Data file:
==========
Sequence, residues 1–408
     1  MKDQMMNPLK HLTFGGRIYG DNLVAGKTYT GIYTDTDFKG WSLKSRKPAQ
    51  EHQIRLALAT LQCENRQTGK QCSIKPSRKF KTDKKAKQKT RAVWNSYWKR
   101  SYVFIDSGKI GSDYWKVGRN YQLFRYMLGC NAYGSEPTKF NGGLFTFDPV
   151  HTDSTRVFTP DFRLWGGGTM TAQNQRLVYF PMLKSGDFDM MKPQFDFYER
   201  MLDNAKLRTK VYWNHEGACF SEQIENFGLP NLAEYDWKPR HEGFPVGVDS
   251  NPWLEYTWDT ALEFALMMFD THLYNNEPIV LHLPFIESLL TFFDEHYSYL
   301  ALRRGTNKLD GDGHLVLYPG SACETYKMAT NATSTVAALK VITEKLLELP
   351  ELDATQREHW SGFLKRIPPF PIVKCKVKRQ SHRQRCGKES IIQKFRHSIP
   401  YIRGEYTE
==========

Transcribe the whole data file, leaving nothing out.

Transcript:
Sequence, residues 1–408
     1  MKDQMMNPLK HLTFGGRIYG DNLVAGKTYT GIYTDTDFKG WSLKSRKPAQ
    51  EHQIRLALAT LQCENRQTGK QCSIKPSRKF KTDKKAKQKT RAVWNSYWKR
   101  SYVFIDSGKI GSDYWKVGRN YQLFRYMLGC NAYGSEPTKF NGGLFTFDPV
   151  HTDSTRVFTP DFRLWGGGTM TAQNQRLVYF PMLKSGDFDM MKPQFDFYER
   201  MLDNAKLRTK VYWNHEGACF SEQIENFGLP NLAEYDWKPR HEGFPVGVDS
   251  NPWLEYTWDT ALEFALMMFD THLYNNEPIV LHLPFIESLL TFFDEHYSYL
   301  ALRRGTNKLD GDGHLVLYPG SACETYKMAT NATSTVAALK VITEKLLELP
   351  ELDATQREHW SGFLKRIPPF PIVKCKVKRQ SHRQRCGKES IIQKFRHSIP
   401  YIRGEYTE